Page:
I have been going to San Jose Japantown for most of my adult life, but the only thing Filipino there that I noticed was a small Filipino community center building. Only after taking a Historical Walking Tour of the area did I learn that there was once a thriving Filipino American community there that worked and live in conjunction with the Japanese and Chinese people who had already settled there. Given what I learned, and I would like to suggest a 13th way to add to the 12 ways to celebrate Filipino American History Month I talked about earlier – going on the Filipino American National Historical Society of Santa Clara Valley‘s Pinoytown Historical Walking Tour.
After getting burned out of the largest Chinatown in San Jose in 1887, Chinese were permitted to settle on the Heinlenville Chinatown on 6th street in San Jose. That Chinatown proved attractive to Japanese bachelors, who could comfortably frequent restaurants and gambling establishments there without much fear of discrimination. On the tour, I learned Filipino agricultural workers (Santa Clara/Silicon Valley used to be know as the Valley of Heart’s Delight because of its farms and orchards) in the 1930’s would stop by this Chinatown for the same reasons. In that way, a Japantown and a Pinoytown would form near that Chinatown, making up what is now known as San Jose Japantown today.
One of our guides, Robert Ragsac, grew up in San Jose’s Pinoytown and regaled us with stories of what was there and his experiences. He talked about making friendships with Japanese Americans and what happened during the internment, seeing his friends and neighbors packing what they could fit in luggage as they were sent to Tanforan for processing. We learned that in the camps, San Jose developed a reputation as a nice area to live, so many other Japanese Americans settled in San Jose after their release, even Japanese Americans who weren’t originally from San Jose. In another story, he said that when he was a teenager, he put together a basketball team to play against the Japantown Zebras basketball team made up of kids who had come back from the internment camps. Robert said his team got clobbered, as one of the main things those kids did in the camps was play basketball!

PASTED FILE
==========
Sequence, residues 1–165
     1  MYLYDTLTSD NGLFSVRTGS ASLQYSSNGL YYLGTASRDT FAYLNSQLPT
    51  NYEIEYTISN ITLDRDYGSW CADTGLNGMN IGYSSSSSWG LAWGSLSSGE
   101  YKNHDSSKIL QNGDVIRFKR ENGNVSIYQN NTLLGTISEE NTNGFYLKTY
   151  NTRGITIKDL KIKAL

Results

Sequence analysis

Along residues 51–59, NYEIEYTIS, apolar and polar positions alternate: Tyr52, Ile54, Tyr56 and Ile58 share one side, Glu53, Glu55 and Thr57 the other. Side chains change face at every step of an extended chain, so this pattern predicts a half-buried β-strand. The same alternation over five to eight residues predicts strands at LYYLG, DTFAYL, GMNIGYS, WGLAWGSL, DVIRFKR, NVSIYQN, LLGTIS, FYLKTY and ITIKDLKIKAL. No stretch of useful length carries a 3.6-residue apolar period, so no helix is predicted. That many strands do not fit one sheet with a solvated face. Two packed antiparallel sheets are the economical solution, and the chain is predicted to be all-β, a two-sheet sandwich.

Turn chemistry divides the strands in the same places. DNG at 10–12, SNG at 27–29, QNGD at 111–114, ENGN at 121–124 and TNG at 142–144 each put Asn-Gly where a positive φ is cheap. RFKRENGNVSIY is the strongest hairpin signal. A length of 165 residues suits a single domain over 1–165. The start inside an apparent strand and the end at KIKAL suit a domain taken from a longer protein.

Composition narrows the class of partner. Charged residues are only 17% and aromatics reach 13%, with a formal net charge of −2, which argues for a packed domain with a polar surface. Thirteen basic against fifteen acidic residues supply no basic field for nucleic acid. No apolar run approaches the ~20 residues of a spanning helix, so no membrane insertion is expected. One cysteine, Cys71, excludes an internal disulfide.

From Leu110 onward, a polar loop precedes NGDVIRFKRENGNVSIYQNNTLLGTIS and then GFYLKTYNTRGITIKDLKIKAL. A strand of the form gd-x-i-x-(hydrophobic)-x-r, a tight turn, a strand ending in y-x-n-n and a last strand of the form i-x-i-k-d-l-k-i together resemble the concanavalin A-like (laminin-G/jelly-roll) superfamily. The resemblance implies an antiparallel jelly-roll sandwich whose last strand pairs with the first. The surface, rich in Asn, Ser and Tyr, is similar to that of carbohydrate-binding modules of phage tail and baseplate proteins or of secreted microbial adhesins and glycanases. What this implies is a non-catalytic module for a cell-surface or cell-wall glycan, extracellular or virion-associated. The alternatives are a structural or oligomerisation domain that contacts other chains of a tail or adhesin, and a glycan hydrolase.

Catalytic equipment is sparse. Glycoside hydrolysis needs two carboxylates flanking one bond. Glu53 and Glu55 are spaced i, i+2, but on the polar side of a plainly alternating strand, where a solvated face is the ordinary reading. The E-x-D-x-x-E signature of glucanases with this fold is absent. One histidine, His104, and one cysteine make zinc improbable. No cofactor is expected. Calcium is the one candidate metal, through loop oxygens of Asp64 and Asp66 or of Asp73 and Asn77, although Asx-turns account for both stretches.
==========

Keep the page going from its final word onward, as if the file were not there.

I loved the history in the stories that, not just of Filipinos but of the other ethnic groups of the area, including Mexicans and even dust bowl refugees. San Jose Japantown makes it easy to learn history, as there are commemorative benches and interpretative signs that talk about the history of the area. I have included one above.
Pinoytown faded away as the farm workers who settled there grew older and their children, for whom they wanted better lives, moved away and had different careers. Robert said had worked in the fields in his youth but went to college and became an aerospace engineer. By the time that the immigrant wave of the 1960s started, there was nothing much left of Pinoytown to hold any interests to that wave.
Still a few things remain of that era. The community center I mentioned is still going strong and actually had a health event going on. The Zebras basketball organization still fields teams – a number of my children’s friends played on Zebra teams. While the area of San Jose Japantown is gentrifying, it is still a lively area that my family frequents to this day. A new park there will be named after the Heinlenville Chinatown.
Pinoytown tours take place only during October. Still, you can walk around San Jose Japantown and learn a lot of history from the stands and benches there. Also, the video below is a good overview of the history of San Jose’s Pinoytown.